I'm euphoric during the week because I think I've got a site and then I'm crestfallen for two days because it goes to someone else that I keep losing to. But you just keep going. Is there pressure on you to open new sites? You've got to keep expanding for your staff because they want to believe that theirs is a company to be involved in. You need to put yourself up as a proper operator and you need to do it well, treat everybody properly, pay your bills on time and try to create a culture that means people will want to be with you. The flipside is they want to see you expand. You're under pressure internally.

A lot of your businesses are very drinks led. How important is the bar to the restaurant? The bar is great because it creates energy, and not everyone wants to eat. In our restaurants with a bar the food/drinks split is probably 50/50. But the problem is now with cocktails being so expensive it's the same as having an entrée. I was in a hotel bar the other day. I asked for a glass of Sauvignon Blanc. It was £18. I was gobsmacked. Offer a starter at £18 and people would fall over at how expensive it is, but you've got five guys in the kitchen making it and they've been there since eight o'clock in the morning. There's a lot more labour goes into achieving that £18 than there is in a fancy cocktail, but people will pay anything for a cocktail. It's one of those elastic things, like petrol. Everyone groans but they just keep 
buying it.

Drinks are important for us because, with all the other stuff going on that's conspiring against you, it's a good revenue stream that doesn't spike your labour costs. It's a good tonic to mix in with everything else, but 
you've got to have skilled staff and make good drinks.

How do you market your restaurants? We don't. We did this fantastically low-tech initiative called a loyalty card. People who come and eat with us give us their eâ€'mail addresses and are then given a loyalty card. When they come and eat with us they present it and on the fifth visit we give them £50 off. People really bought into it. We had a database of 10,000 names and now we've got 35,000. We don't bombard them with eâ€'mail but use it as a prod to say what we're doing. If you send out the wrong stuff, though, you quickly get 300 people unsubscribing.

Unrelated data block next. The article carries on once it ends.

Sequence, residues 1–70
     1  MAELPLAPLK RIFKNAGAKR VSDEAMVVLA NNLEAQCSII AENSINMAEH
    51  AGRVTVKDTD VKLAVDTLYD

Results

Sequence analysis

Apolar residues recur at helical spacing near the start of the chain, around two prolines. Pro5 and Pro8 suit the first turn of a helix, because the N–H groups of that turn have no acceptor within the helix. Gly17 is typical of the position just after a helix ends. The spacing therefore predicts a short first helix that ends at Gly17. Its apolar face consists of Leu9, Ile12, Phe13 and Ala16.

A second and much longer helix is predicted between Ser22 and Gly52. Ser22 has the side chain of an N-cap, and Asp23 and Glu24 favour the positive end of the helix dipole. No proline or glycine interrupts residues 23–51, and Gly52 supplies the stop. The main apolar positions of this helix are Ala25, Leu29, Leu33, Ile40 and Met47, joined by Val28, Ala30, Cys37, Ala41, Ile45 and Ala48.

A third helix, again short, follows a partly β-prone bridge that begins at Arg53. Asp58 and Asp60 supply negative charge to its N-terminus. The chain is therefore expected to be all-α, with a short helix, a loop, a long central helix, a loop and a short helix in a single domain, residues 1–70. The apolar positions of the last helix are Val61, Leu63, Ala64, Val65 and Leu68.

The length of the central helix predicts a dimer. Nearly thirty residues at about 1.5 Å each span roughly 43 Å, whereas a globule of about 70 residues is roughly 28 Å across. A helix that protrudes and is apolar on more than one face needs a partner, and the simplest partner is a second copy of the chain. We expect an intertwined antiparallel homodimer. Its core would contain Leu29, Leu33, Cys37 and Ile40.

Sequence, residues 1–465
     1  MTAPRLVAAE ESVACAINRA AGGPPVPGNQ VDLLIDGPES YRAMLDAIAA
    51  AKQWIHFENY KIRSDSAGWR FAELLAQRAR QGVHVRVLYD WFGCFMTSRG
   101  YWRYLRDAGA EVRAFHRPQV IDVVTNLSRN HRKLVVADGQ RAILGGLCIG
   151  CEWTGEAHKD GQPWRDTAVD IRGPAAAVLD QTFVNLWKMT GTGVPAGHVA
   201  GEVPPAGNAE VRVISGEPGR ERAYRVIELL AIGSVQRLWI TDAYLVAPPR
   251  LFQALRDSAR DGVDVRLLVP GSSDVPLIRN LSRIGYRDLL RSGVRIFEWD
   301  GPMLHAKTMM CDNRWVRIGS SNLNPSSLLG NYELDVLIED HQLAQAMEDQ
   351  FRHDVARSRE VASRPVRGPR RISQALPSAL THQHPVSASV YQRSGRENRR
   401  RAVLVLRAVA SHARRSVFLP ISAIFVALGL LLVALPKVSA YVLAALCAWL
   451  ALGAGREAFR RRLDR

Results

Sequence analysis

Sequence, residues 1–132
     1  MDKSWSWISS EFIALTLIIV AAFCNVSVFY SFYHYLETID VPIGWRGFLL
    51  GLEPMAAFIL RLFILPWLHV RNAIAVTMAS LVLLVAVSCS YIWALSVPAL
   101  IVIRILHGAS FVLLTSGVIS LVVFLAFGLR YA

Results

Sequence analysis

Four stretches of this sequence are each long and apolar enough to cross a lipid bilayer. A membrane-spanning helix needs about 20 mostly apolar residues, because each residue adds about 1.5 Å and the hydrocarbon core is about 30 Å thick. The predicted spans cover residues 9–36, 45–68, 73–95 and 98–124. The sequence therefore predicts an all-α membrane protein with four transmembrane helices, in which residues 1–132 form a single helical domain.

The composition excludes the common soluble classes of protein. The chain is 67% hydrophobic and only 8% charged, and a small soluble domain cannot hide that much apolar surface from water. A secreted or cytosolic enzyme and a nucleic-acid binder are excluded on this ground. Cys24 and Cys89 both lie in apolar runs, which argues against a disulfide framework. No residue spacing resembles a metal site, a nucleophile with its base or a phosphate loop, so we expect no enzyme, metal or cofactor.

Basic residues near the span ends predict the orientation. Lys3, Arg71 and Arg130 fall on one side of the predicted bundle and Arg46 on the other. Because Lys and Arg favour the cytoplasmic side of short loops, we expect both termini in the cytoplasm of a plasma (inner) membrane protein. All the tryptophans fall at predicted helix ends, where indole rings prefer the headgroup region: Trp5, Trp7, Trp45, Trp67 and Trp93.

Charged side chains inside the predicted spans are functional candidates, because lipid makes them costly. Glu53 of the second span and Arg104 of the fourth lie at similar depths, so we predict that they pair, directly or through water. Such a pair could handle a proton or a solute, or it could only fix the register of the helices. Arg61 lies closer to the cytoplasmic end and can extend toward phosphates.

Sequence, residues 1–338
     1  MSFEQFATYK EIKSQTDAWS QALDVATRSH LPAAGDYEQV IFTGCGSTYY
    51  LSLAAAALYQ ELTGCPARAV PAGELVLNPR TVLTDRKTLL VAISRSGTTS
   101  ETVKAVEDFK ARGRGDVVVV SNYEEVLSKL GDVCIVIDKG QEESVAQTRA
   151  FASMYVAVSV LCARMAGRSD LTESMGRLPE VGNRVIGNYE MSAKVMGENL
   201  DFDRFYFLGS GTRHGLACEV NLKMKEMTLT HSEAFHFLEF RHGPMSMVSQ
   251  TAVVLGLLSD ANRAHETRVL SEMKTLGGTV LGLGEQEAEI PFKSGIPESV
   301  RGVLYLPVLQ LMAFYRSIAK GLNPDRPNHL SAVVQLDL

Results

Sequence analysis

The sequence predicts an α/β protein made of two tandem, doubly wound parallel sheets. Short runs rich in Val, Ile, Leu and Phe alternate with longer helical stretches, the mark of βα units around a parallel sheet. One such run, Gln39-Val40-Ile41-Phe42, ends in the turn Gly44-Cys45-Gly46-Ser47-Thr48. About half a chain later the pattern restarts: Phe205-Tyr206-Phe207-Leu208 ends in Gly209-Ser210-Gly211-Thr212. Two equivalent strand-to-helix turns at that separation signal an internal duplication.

La Bodega Negra marked a departure from the pan-Asian cooking your restaurants are known for. Why the move to Mexican food? Why not? It was a visceral thing. I thought 
that Mexican food here was terrible and that there must be ways of making it more delicious. What I didn't understand was the complexities of Mexican food. It involves a lot of work and a lot of product that we can't get here. Traditionally it's cooked with lard, and we don't want to do that so it was a steep learning curve.

The other interesting thing that I didn't see coming is that chefs don't see it as a step forward on their CVs. It's looked upon as a sort of fast food. Getting talented staff is the next biggest issue after finding a good site.

How has the restaurant fared since you opened last year? We had a huge turnover of staff because they just weren't good enough and we were doing incredible numbers. We were doing 500 covers a night. It's only 90 covers downstairs and 60 upstairs so were turning over three and a bit times a night. That just really grinds the kitchen because they never get on top of it. Mexican food is made up of a lot of salsas, sauces, marinades and moles, they were making this stuff so quickly that they were cutting corners and we weren't policing it well enough. We looked again at what we were trying to do and realised that if we're trying to be upmarket then we shouldn't be treating it like a fast-food place.

How did you change the dynamic? We slowed the whole thing down. We reduced the size of the menu and got rid of the cowboys in the kitchen and after a while we could slowly get people in because they were interested in what we were doing. It has taken a long time to get a stable team.

You're in the process of transforming the 
Great Eastern Dining Room in Hoxton into another Mexican branded restaurant. 
What prompted that?
The decision was made because La Bodega is an interesting business. I've got a less-interesting business down there in Hoxton that I've had for 14 years, so why don't we do something that's much more suited to the area? We went back to Hoxton and got a really good 2am licence, which is virtually unheard of, on both floors and we're coming back with something really exciting. La Bodega was a homage to Soho. This one is called Casa Negra. The concept is it's a traditional English house and some Mexicans moved in and opened up a restaurant inside it. The venue's a big old warehouse and we're stage-dressing it on the inside and tailoring it to Hoxton.

Will you look to roll out the brand further? I'm partnering with Serge Becker (pictured above) and Eddie Spencer Churchill and the idea is if we can really identify it as a hallmark of Mexican food and fun, we hope to take it international. Ideally we'd go to Ibiza or somewhere like that.

What is your main aim when opening a new restaurant? The idea is to make restaurants a bit more fun for us. We want to put some personality into them so that it's not always about the food but about the energy, too. Personally I don't eat in restaurants that are all about the food and have no atmosphere. I need the restaurant to do a lot of work - I get energy from it. If they're the places I go to, why would I build anything else?

I've got a few of my own that aren't quite atmospheric enough so we've made a decision to go after them.